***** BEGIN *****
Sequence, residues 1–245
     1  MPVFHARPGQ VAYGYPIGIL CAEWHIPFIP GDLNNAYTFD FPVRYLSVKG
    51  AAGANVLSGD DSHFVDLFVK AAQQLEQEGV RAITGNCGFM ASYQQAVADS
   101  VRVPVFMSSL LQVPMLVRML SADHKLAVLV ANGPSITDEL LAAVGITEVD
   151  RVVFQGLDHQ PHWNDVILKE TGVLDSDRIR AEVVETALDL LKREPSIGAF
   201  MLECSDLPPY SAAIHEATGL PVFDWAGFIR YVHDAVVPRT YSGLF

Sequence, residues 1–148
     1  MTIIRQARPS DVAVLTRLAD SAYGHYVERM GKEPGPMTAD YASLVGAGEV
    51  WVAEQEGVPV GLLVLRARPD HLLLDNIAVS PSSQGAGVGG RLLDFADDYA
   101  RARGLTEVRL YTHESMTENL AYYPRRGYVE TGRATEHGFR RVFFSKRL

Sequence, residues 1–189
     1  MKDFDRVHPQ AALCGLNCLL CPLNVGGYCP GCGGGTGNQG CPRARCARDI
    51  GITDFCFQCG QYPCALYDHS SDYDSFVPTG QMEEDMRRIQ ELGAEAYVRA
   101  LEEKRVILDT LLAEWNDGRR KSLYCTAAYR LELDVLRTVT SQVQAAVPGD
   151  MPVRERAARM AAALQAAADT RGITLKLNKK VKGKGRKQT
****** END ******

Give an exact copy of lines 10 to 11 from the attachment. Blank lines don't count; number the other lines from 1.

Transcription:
   101  RARGLTEVRL YTHESMTENL AYYPRRGYVE TGRATEHGFR RVFFSKRL

Sequence, residues 1–189